Authentic, but make it personal: an examination of social media influencer personal authenticity

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Copyright: Andonopoulos, Vasiliki
Social Media Influencers (SMIs) occupy an increasingly focal position in the digital marketing landscape. Although authenticity has drawn researchers’ attention to understanding how digital influencers command influence over online consumers, the notion of personal authenticity, the human variant of authenticity has yet to be applied and tested in the marketing literature to understand online spokespersons and consumer responses. Accordingly, the present research aimed to investigate the role of SMI personal authenticity in influencing online customer behaviour. The first chapter in this thesis broadly explored the notion of authenticity across disciplines and defines SMI personal authenticity in reference to self-identification theory. Employing a bibliometric analysis, it further highlighted relatively limited empirical work on online influencers and their authentic self-representation in the marketing literature. The following chapter empirically investigated whether the online representations of SMIs’ self-identity exert consumer behaviour. The pilot study examined whether an SMI Instagram profile adequately reflected their personal authenticity after ruling out the possible confounding effects of gender and familiarity. Study 1 examined online consumer behaviour in response to SMI authentic representation. In Study 2, the preceding study was built upon, and investigated a mediating effect of SMI trustworthiness on the relationship between SMI personal authenticity and consumer responses. The final study (Study 3) tested the serial mediation of SMI trustworthiness and Inspirational capacity of the SMI as a means of explaining the relationship between SMI personal authenticity and consumer outcomes. The findings reveal consumers perceived SMIs who were high in personal authenticity to be more trustworthy and hence more inspirational, resulting in an increased tendency to purchase products advertised by them. Further analyses show that high levels of SMI personal authenticity had a negative effect on inspiration and then resulted in a decrease in consumer purchase intent. These findings challenge the existing marketing literature on authenticity by showing that highly authentic self-representations of SMIs are not always indicative of encouraging consumer purchase intent. The findings from this thesis make a significant and pertinent contribution by filling the current research gap in the extant literature on online influencers and authenticity, in addition to carrying a high degree of digital marketing practitioner value.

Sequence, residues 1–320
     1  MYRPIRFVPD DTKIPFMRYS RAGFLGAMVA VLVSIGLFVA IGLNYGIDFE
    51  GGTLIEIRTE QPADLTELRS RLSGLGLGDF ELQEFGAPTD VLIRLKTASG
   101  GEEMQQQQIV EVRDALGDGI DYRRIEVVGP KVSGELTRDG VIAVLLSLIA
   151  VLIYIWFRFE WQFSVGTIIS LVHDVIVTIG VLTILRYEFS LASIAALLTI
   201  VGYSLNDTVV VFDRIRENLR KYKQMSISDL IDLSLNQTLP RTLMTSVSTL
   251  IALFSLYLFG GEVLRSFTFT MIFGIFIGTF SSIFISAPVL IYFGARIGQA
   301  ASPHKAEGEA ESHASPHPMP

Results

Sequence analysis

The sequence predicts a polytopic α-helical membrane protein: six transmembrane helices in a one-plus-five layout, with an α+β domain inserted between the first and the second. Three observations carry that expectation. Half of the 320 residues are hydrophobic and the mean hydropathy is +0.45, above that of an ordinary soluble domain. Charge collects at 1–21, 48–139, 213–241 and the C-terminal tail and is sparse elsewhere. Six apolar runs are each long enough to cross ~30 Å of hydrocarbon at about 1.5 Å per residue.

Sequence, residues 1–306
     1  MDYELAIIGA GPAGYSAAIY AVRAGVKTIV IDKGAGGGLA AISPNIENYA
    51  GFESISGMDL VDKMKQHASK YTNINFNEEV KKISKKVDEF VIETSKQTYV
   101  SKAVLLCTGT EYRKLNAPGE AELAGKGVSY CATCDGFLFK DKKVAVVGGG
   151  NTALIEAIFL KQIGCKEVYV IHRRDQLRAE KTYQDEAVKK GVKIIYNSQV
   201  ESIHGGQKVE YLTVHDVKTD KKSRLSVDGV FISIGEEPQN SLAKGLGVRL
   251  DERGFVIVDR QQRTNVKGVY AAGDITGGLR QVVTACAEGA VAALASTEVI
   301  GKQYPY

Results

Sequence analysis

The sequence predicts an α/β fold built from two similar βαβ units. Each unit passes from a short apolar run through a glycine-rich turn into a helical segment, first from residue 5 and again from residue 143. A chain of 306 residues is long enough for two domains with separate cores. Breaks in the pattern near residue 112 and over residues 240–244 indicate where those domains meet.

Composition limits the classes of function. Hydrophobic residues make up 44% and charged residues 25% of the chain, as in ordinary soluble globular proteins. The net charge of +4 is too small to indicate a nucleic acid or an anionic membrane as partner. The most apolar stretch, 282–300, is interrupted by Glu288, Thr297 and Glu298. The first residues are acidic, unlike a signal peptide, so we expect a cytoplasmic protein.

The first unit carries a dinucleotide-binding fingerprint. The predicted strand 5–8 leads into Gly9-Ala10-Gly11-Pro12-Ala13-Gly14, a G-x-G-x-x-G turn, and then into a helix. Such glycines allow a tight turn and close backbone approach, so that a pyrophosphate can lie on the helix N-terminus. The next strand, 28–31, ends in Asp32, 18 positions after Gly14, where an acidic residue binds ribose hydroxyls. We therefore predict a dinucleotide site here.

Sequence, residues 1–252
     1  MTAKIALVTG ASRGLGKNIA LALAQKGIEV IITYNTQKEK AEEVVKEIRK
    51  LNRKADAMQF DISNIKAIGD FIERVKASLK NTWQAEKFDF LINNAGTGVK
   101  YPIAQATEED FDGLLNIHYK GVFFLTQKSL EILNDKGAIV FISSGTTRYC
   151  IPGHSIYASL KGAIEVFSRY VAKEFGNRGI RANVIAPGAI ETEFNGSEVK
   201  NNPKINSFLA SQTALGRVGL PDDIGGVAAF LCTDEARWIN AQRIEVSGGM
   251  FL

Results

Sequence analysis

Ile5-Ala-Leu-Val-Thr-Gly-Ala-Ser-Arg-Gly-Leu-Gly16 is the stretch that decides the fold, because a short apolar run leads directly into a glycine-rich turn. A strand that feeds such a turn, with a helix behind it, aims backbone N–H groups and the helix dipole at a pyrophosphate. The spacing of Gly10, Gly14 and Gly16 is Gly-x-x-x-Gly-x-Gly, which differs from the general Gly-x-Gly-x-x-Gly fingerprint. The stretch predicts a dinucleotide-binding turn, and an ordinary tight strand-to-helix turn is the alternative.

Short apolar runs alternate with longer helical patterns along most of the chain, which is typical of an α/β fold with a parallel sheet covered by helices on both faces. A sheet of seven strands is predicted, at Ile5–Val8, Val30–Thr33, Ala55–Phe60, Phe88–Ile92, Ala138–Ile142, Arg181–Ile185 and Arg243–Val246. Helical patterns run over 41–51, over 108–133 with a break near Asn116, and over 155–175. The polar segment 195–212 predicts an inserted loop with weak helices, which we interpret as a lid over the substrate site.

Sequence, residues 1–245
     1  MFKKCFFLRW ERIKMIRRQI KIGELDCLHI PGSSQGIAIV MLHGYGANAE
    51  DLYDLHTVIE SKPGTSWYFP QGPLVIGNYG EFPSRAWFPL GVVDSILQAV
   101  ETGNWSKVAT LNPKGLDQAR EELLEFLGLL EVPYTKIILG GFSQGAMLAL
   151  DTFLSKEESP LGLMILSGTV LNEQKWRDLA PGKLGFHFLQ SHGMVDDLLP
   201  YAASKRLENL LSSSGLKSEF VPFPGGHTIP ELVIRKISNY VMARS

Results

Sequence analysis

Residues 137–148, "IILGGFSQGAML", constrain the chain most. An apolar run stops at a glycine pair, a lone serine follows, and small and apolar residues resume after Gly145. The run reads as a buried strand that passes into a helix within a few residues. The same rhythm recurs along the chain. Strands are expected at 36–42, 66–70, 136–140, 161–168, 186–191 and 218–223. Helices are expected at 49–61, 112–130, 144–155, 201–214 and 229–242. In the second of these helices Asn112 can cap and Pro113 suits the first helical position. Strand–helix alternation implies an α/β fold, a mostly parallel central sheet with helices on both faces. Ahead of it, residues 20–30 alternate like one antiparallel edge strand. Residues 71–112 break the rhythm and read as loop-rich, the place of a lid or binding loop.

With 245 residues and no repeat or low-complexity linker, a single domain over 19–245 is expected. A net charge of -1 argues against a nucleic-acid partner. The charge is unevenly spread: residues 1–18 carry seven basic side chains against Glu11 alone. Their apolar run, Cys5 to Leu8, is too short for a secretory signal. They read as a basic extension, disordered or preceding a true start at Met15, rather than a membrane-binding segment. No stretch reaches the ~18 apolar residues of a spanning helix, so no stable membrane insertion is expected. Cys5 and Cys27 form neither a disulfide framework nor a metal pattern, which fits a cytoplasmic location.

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Andonopoulos, Vasiliki
Lee, Jenny Jiyeon
Mathies, Christine
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PhD Doctorate
UNSW Faculty